What would happen in Colombia if cash didn’t exist?
The advent of new technologies and their application as means of payment tends to give the impression that cash is on its way out in the near future. Belying this impression, however, in most of the world’s countries cash is still almost as essential as it was a few years ago, and its demand is still growing.
The Managerial Progress Association (Asociación para el Progreso de la Dirección: APD Colombia) and the publishing house Kienyke, have come together to analyze the across-the-board implications of a totally digitalized economy, doing so by holding a conference called “Digital Democracy, challenges of a cashless economy”.
The encounter involved a debating panel on the pros and cons of cash and the importance of the financial sector’s digital transformation in Colombia. Victor Gaspar, GMV’s Country Business Manager for Colombia, took part in the debate by pointing out the barriers to a cashless existence: innovation-throttling regulation overkill; lack of knowledge and interest, etc. In the particular case of Colombia “there are still 7 million people without a bank account and there is also an infrastructure barrier that needs to be wiped out in order to make further headway in the digital transformation”. “We need better communications, better devices and greater access. A colleague told us he lives four kilometers from here and has no internet access. This has got to change”, Gaspar pointed out. Another of his main thrusts was the need to unify financial-sector regulations to allow companies to expand without hindrance, for example with improvements like GDPR. Victor Gaspar argued that a proper digital transformation also depends on removing cultural barriers, seeking solutions to banks’ real problems, like customer distrust of change.
As for the main advantages offered by the financial transformation, Gaspar itemized competition, boosting consumer sovereignty and cutting down the monopoly power of current stakeholders. In a more digitalized environment the consumer is given more affordable options, such as apps for making swift and simple money transfers (Revolut, TransferWise, etc). Startups can now break into the market offering a single product or service in a swift and economically feasible manner, eating into the profit margins of the big players.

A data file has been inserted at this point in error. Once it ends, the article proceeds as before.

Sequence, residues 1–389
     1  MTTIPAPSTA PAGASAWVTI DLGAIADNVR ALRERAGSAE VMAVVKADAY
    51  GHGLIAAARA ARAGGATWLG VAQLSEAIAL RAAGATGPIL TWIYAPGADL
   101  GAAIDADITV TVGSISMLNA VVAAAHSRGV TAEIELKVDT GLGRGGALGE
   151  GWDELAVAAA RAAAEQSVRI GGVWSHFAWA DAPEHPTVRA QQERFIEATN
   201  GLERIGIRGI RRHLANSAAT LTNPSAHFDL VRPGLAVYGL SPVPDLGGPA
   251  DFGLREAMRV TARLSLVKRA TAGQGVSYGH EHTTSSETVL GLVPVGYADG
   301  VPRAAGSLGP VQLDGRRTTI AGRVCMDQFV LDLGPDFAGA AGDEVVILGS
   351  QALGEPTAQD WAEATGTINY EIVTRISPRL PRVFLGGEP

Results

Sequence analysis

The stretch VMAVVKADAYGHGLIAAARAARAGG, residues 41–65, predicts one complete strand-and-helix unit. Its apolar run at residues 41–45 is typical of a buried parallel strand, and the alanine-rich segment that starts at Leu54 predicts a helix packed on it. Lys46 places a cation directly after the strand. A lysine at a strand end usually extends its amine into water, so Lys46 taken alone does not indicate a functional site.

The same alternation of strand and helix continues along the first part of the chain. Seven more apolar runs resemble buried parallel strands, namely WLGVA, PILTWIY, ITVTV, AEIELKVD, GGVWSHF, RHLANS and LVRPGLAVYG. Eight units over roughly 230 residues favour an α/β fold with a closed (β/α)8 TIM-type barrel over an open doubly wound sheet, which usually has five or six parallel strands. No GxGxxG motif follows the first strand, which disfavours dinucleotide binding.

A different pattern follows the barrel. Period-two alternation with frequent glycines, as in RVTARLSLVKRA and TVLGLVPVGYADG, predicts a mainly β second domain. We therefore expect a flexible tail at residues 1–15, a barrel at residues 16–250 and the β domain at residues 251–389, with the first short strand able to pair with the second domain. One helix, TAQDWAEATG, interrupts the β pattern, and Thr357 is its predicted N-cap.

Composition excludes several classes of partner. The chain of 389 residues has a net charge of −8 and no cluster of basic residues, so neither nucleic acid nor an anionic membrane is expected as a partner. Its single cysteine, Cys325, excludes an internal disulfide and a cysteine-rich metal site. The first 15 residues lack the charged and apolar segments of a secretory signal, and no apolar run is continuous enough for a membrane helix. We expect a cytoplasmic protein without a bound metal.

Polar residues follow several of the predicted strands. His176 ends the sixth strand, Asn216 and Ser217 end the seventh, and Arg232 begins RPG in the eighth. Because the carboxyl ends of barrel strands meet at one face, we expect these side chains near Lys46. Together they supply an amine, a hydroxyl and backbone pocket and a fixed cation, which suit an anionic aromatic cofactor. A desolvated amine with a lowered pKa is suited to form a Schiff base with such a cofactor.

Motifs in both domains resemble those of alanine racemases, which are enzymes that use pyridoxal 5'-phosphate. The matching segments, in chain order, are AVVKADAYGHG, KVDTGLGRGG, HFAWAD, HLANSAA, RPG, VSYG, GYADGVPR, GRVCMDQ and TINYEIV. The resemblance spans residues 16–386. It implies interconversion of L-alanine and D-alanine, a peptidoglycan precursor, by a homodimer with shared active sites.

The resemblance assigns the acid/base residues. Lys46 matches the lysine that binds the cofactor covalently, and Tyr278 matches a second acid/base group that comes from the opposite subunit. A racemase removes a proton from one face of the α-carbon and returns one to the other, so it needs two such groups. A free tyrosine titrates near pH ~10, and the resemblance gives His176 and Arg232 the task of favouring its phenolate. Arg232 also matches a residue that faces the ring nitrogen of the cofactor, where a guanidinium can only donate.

The forum set out to analyze the across-the-board implications of a one-hundred-percent digital economy that underpins the financial sector’s enterprising aspects and digital-favoring ideas and institutions. Other experts taking part in the debate were José Luis Gómez, innovation manager of Claro Colombia; Santiago Andrés Torres, business development manager of DaVinci Technologies; Joan Gili Suárez, president of the trust company Renta 4 and Jaime Espinosa, manager of BBVA Open Innovation Colombia.
Furthermore, Gerardo Hernández, member of the Banco de la República’s managing board, spoke during this encounter of the great changes in the sector now being driven by today’s technological advances, arguing that “banks now have to think about how to assume the technological changes”. As for Colombia itself, Hernández also claimed the current climate for technological developments is pretty bright, although “we still have to tap into technological resources for proper analysis and better management of risks”. The Banco de la República, for example, has been working on alternatives to optimize payment systems and embark on the path towards more efficient payment systems and a less cash-dependent Colombia.